Tacoma Washington - The City of Destiny
View the fabulous glass art of Dale Chihuly – and nature’s own displays on Mount Rainier. Enjoy city sophistication and fine dining one day – then hike, ski or kayak the next. Experience “living history” sites, explore salt-water beaches and walk past waterfalls in the wilderness. This is Tacoma Washington and Pierce County!
The city is situated on the Olympic Peninsula on the southern end of Washington's Puget Sound, in an area 32 miles southwest of Seattle, 31 miles northeast of the State capital, Olympia, and 58 miles northwest of Mount Rainier National Park.
- Tacoma has an estimated population of 199,600. Tacoma stands as the second-largest city in the Puget Sound area, the third-largest in the state, and the seat of government of Pierce County.
Tacoma adopted its name after the nearby Mount Rainier, which was originally called Mount Tacoma or Mount Tahoma. It is known as the "City of Destiny" because the area was chosen to be the site of the western terminus of the Northern Pacific Railroad in the late 1800s. The decision of the railroad was influenced in part because of Tacoma's neighboring Commencement Bay. By connecting the bay with the railroad Tacoma’s motto became “When rails meet sails.” Today Commencement Bay serves the Port of Tacoma, a major player in international trade on the Pacific Coast.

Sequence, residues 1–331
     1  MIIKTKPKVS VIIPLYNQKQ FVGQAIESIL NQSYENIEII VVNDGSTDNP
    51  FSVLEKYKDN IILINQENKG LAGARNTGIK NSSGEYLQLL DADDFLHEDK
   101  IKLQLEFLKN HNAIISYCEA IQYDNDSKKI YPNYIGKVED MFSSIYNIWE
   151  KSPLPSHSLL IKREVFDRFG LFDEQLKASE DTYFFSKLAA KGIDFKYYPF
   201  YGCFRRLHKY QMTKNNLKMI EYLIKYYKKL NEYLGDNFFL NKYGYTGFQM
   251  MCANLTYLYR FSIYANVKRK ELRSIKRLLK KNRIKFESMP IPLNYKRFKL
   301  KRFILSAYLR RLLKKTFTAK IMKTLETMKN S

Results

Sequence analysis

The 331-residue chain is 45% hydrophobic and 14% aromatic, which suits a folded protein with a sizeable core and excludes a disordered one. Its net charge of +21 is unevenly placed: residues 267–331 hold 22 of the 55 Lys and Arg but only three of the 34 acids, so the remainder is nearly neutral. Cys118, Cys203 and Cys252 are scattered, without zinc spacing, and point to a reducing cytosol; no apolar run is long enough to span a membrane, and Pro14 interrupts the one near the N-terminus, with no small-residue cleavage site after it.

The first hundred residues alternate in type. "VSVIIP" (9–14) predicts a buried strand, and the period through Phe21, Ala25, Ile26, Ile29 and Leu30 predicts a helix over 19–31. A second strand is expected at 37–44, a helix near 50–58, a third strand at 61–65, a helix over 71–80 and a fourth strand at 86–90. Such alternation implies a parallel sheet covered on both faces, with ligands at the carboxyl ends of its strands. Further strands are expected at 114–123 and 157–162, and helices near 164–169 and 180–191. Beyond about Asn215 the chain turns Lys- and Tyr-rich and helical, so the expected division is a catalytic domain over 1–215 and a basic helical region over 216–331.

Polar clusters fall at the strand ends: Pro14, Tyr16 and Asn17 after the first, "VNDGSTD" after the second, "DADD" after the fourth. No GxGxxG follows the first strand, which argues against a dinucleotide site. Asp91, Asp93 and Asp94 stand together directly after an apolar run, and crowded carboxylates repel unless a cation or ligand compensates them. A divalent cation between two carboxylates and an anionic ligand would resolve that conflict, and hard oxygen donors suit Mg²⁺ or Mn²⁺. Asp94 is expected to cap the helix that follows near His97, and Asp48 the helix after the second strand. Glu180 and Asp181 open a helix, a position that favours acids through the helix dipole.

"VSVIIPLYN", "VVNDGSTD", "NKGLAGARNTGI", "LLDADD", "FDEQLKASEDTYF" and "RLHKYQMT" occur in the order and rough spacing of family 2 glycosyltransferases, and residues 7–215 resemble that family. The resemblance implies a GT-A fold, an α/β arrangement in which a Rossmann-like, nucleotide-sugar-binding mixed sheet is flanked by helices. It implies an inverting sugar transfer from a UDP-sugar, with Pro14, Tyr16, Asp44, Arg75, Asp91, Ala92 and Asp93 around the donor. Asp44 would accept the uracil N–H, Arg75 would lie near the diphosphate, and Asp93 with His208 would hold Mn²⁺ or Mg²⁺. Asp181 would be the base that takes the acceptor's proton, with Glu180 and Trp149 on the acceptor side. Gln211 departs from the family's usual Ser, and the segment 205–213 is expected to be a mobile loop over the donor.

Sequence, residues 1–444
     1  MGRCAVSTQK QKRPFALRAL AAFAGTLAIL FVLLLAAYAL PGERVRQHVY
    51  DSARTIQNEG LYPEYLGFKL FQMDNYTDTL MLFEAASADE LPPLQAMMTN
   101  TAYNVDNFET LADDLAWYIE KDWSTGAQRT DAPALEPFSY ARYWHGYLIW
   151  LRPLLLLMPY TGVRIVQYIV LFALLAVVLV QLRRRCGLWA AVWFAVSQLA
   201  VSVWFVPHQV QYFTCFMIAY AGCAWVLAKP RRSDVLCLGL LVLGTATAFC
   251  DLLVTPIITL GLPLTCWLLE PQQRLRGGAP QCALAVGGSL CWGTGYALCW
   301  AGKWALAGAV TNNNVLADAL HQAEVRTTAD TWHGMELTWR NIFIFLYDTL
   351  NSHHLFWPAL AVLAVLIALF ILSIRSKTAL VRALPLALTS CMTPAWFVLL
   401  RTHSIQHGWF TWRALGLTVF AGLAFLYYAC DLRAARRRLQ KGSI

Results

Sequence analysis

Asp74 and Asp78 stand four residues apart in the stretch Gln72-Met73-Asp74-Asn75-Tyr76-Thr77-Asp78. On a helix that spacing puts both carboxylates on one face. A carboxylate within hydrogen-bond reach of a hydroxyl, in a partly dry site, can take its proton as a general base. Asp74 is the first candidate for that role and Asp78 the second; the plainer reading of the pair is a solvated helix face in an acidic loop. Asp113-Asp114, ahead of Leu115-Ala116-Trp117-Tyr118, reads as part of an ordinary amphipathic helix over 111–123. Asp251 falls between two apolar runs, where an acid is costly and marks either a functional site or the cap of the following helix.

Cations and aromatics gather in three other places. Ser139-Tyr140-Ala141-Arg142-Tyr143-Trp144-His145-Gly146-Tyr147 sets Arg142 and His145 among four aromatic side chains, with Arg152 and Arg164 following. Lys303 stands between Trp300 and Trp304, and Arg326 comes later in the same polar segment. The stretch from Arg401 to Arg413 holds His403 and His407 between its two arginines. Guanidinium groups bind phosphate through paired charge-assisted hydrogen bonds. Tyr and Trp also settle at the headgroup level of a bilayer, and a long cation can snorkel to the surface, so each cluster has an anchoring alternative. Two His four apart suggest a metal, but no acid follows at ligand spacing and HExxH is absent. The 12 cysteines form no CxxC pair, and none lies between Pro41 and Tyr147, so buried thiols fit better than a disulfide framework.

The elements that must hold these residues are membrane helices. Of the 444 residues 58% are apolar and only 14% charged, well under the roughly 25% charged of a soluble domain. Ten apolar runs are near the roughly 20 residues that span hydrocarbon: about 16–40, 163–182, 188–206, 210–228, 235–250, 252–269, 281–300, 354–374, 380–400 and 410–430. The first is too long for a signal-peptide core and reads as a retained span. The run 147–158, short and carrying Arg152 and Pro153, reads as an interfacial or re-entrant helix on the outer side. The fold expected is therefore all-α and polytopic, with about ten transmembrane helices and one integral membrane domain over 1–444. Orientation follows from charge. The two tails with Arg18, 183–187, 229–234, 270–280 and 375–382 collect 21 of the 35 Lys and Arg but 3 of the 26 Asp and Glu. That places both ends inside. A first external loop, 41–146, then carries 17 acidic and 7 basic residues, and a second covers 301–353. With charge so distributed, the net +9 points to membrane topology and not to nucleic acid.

The city has a long history of blue-collar labor politics owing to the relationship between the people and the railroad.
Tacoma-Pierce County has been named as one of the most livable areas in the country. Tacoma was also recently listed as one of the most walkable cities in the country. In contrast, the city is also ranked as the most stressed-out city in the country in a 2004 survey. However, in 2006, women's magazine Self named Tacoma the "Most Sexually Healthy City" in the United States.
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